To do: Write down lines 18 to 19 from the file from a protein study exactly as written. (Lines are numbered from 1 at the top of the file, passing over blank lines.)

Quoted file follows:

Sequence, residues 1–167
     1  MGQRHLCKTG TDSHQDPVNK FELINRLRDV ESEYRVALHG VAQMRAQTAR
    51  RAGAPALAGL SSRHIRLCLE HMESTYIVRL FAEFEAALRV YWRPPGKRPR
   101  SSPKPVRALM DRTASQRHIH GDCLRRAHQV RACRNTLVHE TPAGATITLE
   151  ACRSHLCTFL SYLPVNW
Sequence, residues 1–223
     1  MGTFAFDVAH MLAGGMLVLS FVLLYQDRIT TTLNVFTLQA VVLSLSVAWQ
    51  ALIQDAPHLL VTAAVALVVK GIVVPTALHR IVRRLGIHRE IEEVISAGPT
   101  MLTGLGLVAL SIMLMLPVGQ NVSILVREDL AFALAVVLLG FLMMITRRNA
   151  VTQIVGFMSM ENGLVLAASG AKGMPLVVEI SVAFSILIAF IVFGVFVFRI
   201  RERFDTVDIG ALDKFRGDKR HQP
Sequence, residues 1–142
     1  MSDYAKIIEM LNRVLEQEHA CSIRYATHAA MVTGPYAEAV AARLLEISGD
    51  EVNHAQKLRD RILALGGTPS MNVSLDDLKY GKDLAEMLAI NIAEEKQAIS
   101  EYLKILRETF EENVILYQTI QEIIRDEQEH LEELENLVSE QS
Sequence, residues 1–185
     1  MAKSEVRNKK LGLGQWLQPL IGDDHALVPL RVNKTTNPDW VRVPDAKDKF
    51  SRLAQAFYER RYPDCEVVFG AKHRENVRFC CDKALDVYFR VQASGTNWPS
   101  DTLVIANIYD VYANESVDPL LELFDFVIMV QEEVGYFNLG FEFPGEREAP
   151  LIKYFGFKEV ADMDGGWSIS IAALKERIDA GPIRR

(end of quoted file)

    51  SRLAQAFYER RYPDCEVVFG AKHRENVRFC CDKALDVYFR VQASGTNWPS
   101  DTLVIANIYD VYANESVDPL LELFDFVIMV QEEVGYFNLG FEFPGEREAP